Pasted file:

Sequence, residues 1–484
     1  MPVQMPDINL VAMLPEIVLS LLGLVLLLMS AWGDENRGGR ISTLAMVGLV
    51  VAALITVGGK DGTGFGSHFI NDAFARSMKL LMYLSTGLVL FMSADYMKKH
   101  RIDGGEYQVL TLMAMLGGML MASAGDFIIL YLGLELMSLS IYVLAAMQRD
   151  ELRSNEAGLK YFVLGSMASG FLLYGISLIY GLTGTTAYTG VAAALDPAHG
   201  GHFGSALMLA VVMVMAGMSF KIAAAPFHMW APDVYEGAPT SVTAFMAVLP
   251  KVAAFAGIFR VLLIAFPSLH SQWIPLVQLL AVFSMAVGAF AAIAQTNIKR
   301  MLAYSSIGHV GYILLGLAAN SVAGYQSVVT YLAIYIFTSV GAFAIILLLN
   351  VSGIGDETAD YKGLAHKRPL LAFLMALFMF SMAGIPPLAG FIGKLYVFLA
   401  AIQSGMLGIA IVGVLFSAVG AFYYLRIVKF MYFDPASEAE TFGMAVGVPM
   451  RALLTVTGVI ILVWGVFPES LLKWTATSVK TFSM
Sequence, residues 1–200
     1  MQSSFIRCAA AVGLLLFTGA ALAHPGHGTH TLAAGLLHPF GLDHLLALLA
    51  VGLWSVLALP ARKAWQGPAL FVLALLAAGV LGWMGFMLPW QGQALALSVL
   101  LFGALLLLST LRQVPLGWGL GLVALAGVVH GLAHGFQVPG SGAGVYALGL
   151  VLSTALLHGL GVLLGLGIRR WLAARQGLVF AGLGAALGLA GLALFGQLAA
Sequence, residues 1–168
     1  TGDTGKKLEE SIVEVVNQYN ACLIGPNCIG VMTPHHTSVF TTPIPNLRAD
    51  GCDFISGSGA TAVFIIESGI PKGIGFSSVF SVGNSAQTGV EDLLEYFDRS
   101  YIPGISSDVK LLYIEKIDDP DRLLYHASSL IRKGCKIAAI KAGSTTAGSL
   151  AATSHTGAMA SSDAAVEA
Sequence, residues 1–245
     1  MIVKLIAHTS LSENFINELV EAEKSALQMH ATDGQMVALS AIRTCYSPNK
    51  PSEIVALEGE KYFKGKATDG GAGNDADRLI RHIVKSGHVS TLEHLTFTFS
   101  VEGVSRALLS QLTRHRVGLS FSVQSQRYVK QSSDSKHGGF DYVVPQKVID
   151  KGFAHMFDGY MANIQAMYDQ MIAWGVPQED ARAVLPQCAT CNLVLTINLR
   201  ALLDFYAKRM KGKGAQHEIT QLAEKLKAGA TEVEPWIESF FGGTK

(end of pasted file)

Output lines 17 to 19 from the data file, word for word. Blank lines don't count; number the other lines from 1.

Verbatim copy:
Sequence, residues 1–168
     1  TGDTGKKLEE SIVEVVNQYN ACLIGPNCIG VMTPHHTSVF TTPIPNLRAD
    51  GCDFISGSGA TAVFIIESGI PKGIGFSSVF SVGNSAQTGV EDLLEYFDRS